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What do ‘best before’ dates on food really mean? Add to ...

The question: What do “best before” dates on food packages mean? Is it safe to eat foods after these dates expire? Are they still nutritious?

The answer: “Best before” dates refer to the quality and shelf life of an unopened food product, not safety. They tell you how long a product will retain its optimum flavour, texture and nutritional value when stored under normal conditions. In Canada, best before dates are required on foods that will keep fresh for 90 days or less. However, many foods show best before dates even though they aren’t required to do so.

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Once you open a food, the best before date is no longer valid. For opened packages, manufacturers are required to provide storage instructions on the label when they differ from normal room temperature – for example, “refrigerate after opening” or “keep refrigerated.”

If you store foods properly, many fresh foods like eggs, milk and yogurt can be safely eaten soon after their best before dates have expired. Many packaged foods such as crackers, cookies, canned soup and tinned tuna can be eaten safely long after the best before date. (But be sure to throw away cans that are bulging or leaking – these are not safe to use.)

That doesn’t mean these foods will taste as fresh, however. They may have lost some of their flavour and their texture may have changed. Think of best before dates as suggestions about how long food will retain its freshness.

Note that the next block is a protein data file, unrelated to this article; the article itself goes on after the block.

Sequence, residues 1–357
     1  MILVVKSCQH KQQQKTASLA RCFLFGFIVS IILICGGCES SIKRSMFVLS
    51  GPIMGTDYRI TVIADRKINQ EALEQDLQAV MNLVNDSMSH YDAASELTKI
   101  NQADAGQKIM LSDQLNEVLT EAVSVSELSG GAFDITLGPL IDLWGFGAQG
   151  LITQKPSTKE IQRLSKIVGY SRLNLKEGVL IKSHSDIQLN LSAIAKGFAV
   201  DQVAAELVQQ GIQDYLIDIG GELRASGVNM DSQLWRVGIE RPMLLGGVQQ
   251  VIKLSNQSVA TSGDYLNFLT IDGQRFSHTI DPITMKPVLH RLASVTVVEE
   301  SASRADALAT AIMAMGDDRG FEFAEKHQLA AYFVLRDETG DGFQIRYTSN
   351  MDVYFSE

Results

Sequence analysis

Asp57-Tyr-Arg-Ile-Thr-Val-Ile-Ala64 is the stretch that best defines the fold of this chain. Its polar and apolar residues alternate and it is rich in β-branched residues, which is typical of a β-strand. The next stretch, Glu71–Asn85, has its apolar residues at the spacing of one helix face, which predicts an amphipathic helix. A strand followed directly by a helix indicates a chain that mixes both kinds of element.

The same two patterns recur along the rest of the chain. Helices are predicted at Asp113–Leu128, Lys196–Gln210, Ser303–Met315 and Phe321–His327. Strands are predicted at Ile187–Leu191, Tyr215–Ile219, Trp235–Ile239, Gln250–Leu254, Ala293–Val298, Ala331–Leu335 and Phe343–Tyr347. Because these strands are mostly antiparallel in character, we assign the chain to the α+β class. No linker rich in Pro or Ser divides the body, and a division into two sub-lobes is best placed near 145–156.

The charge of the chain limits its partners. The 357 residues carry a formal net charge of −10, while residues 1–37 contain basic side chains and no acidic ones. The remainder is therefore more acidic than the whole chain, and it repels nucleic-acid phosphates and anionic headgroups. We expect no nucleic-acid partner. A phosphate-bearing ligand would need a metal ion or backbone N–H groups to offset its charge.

Although canned and packaged foods have a much longer shelf life than fresh foods, keep in mind they can lose anywhere from 5 to 20 per cent of their nutritional content every year. To ensure you use your canned foods while they maintain peak quality and nutrition, label them with the date they were purchased. When you put your groceries away, rotate your stock. Move older cans to the front so they are used first and keep newer ones in the back. Be sure to store canned foods in a cool, dry, dark cupboard.

“Packaged on” dates are different than best before dates. Mandatory for meat and poultry, these dates tell you the day the fresh food was packaged in the store. The “packaged on date” is usually the starting point for how long you can expect the food to stay safe to eat. I don’t recommend eating packaged fresh foods once the suggested storage time has lapsed.

Time limits for storage

The following list indicates how long you can store refrigerated foods to retain their highest quality – their freshness, taste and nutrient levels. Time limits for meat, poultry and fish also relate to food safety.

  • Milk: 7 days after “best before” date, opened or unopened
  • Yogurt: 7 to 10 days, opened or unopened
  • Cheese, hard: 3 to 4 weeks opened, 6 months unopened
  • Butter: 4 weeks after best before date, opened or unopened
  • Eggs, in shell: 4 weeks
  • Eggs, hard-cooked: 1 week
  • Fresh meat: 2 to 4 days
  • Fresh ground meat: 1 to 2 days
  • Deli meats: 3 to 4 days
  • Fresh chicken or turkey, whole or pieces: 2 to 3 days
  • Fresh ground poultry: 1 to 2 days
  • Cooked chicken: 3 to 4 days
  • Fresh fish: 2 to 3 days
  • Fresh shellfish: 12 to 24 hours
  • Leftover soups, stews, casseroles: 3 to 4 days
  • Jams and jellies: 3 to 4 months, opened
  • Mayonnaise: 2 to 3 months, opened
  • Mustard: 1 year, opened
  • Ketchup: 6 months, opened
  • Salad dressing or vinaigrette, bottled: 6 to 9 months, opened
  • Salsa, bottled: 4 weeks, opened

Leslie Beck, a registered dietitian, is the national director of nutrition at BodyScience Medical. She can be seen every Thursday at noon on CTV News Channel’sDirect (www.lesliebeck.com).

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The content provided in The Globe and Mail’s Ask a Health Expert centre is for information purposes only and is neither intended to be relied upon nor to be a substitute for professional medical advice, diagnosis or treatment.

Follow on Twitter: @lesliebeckrd

 

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